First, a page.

Over the past 18 months, I’ve been leveling up some vital skills. With some smart colleagues, I’ve developed some Strategy Sprints that really rock.
My first leveled-up skill is facilitation. As a digital strategist with 25 years in the game, I’m well used to providing answers and strategy. I know a lot of useful techniques and have tons of relevant experience. But in my eagerness to help, I often firehosed clients with a barrage of ideas. I created energy and forward momentum, but the process was often uncomfortable for the client. I fell into that common design pitfall, providing too many choices.
In a Strategy Sprint, we gather a small team, review the current state of the business, set goals for the target state, and deconstruct how to get there. We emerge with a roadmap that connects strategy to execution.
The biggest benefit of a team co-creating their strategy is the alignment and ownership the team achieves. As a leveled-up facilitator, I’m able to broker authentic dialog while ensuring every participant is engaged, listening, and feels heard. The resulting strategy is richer, more informed, and carefully tuned to conditions within the team. This cultural shift within the team is more valuable than the strategy itself. Teams build trust and the practice of sharing unpleasant truths, opening up and trying new things. It’s game-changing.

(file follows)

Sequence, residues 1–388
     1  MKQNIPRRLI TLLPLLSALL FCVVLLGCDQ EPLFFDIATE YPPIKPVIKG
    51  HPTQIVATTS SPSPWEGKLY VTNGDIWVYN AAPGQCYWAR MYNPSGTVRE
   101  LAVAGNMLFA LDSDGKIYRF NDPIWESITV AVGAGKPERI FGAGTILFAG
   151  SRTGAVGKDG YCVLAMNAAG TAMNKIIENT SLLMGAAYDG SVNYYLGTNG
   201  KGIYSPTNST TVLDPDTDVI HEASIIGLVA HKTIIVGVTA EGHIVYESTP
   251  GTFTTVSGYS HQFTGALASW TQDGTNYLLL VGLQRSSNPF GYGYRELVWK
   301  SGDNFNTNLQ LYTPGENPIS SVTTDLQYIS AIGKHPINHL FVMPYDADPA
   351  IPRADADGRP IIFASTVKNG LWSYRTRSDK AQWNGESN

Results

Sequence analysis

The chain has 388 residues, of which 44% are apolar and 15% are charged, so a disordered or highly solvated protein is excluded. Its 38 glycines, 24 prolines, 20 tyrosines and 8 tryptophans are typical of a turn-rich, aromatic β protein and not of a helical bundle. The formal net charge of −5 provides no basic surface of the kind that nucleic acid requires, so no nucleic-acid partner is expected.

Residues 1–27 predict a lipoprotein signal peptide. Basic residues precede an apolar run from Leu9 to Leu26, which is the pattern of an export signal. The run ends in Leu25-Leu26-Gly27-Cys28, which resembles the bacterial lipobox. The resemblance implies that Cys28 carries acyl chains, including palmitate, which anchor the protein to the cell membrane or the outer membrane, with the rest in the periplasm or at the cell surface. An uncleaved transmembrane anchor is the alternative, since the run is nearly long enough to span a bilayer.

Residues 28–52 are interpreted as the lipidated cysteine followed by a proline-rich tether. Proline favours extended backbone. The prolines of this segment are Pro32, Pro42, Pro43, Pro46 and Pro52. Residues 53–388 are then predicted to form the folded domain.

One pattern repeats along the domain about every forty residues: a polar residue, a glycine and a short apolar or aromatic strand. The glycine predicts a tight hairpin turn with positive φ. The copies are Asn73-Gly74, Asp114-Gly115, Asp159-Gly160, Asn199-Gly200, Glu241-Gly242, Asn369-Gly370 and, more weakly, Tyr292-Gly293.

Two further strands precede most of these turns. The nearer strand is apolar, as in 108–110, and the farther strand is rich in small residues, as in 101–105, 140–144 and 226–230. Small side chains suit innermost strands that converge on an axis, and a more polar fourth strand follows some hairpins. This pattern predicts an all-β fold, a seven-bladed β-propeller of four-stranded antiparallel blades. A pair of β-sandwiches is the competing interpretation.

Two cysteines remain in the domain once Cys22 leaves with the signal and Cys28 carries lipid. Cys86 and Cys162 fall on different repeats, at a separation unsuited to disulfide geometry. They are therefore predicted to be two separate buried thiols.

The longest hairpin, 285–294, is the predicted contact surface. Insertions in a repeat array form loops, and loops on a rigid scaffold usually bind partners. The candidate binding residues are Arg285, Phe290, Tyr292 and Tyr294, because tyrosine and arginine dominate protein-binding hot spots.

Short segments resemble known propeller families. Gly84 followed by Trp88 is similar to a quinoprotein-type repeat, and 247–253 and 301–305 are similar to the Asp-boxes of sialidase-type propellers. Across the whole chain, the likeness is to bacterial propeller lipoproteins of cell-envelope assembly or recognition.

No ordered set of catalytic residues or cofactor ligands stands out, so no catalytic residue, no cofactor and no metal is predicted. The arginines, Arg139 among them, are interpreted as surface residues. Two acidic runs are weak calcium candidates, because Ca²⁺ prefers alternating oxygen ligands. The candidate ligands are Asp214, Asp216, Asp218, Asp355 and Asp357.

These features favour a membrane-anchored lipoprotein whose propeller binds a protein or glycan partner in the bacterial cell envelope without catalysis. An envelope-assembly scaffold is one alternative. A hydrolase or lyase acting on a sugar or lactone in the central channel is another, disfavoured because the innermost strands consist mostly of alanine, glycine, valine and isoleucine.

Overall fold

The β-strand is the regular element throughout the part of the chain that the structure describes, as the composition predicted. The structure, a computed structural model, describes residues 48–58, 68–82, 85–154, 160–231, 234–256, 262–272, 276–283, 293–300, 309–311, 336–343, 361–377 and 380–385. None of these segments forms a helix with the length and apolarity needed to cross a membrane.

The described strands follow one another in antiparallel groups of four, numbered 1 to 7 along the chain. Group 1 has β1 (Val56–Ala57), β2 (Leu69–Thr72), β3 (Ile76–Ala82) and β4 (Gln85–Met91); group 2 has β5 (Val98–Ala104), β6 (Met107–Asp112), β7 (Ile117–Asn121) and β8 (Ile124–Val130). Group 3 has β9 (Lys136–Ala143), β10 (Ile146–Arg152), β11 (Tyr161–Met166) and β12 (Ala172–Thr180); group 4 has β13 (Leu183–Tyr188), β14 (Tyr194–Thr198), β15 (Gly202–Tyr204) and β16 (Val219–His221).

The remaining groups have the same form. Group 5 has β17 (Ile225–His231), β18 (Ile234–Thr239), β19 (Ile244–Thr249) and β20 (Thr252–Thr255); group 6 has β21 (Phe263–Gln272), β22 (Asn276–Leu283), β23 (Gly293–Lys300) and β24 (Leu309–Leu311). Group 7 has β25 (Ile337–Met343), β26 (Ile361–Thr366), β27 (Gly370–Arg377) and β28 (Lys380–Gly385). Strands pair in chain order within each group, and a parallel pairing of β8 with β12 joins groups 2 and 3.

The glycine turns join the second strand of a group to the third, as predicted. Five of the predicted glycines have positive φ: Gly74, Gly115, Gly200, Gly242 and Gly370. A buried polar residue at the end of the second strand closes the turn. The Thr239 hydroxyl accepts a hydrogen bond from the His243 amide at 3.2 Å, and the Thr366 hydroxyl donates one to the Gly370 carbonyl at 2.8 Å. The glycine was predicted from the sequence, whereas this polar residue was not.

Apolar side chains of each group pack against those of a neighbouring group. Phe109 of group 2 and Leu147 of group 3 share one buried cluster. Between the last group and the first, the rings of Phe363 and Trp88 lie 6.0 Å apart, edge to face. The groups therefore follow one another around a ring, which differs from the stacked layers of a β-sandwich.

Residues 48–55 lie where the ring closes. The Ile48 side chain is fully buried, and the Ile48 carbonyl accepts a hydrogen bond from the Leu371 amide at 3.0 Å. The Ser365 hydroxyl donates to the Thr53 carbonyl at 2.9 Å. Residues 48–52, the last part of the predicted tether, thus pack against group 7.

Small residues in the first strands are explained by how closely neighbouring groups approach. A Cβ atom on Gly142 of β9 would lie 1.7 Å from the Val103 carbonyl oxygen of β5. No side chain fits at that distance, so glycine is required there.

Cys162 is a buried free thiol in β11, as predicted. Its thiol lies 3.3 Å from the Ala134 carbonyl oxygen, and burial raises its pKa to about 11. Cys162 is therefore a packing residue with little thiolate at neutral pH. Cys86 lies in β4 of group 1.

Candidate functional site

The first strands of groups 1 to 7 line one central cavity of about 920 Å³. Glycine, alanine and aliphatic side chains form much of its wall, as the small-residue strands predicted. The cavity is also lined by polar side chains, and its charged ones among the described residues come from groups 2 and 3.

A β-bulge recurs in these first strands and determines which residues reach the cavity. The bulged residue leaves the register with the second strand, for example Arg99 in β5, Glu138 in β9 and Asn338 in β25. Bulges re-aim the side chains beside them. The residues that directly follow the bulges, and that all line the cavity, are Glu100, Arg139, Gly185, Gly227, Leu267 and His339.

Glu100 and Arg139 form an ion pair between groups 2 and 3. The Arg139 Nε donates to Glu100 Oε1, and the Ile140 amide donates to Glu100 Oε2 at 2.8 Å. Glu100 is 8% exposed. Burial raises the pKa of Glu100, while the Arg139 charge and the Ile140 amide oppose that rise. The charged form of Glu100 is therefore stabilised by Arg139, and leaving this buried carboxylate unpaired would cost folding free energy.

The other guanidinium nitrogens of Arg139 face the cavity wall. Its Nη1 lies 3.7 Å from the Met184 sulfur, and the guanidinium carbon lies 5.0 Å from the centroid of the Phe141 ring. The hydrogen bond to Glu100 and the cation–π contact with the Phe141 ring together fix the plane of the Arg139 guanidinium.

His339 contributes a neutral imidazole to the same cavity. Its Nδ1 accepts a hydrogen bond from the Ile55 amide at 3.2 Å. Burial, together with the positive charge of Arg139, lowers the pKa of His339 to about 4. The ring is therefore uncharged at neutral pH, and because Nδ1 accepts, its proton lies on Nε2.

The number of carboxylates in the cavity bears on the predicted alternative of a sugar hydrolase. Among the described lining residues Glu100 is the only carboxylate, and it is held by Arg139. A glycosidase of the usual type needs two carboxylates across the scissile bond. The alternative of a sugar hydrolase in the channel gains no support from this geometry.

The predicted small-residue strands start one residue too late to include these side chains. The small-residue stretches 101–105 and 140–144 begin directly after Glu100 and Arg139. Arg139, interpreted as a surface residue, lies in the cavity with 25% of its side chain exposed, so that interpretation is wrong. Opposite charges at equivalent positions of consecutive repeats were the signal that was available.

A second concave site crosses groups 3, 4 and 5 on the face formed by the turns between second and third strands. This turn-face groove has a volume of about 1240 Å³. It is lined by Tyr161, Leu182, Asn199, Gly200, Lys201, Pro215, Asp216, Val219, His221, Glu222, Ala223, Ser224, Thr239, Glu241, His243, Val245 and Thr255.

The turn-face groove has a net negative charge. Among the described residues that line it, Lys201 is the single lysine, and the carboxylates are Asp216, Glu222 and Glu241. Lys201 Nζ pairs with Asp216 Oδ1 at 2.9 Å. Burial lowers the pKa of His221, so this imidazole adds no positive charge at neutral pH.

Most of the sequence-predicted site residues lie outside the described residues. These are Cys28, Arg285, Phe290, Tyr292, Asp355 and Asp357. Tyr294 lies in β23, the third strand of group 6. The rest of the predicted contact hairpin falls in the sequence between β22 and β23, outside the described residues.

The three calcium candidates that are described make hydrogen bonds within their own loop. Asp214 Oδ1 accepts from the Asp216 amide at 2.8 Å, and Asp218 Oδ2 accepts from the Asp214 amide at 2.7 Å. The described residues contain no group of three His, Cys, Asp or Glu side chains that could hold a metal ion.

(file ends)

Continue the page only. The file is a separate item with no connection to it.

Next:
Which leads me to the second skill I’ve leveled up: prioritization. What should we do now, next and later? Again, the team decides, and I’m time-boxing and coaching them through. Each item on the resulting roadmap has a place in the sequence, an owner, and completion criteria. Taking just a little time to think through dependencies, sequences, and value, we end up with a prioritized roadmap that dovetails seamlessly into execution.
And finally, in these sprints, we fully embrace a test-and-learn approach. We create a questions backlog and hypotheses and experiments to run so the team learns what’s needed to succeed at the next level.
This method works well to jump-start a campaign, product, or effort. We sometimes conduct Research sprints before, and Design sprints after. The results are fantastic.
If these sprints are something you’re interested in, I’d love to talk to you about our approach.Design SprintsTest and LearnUser Experience Design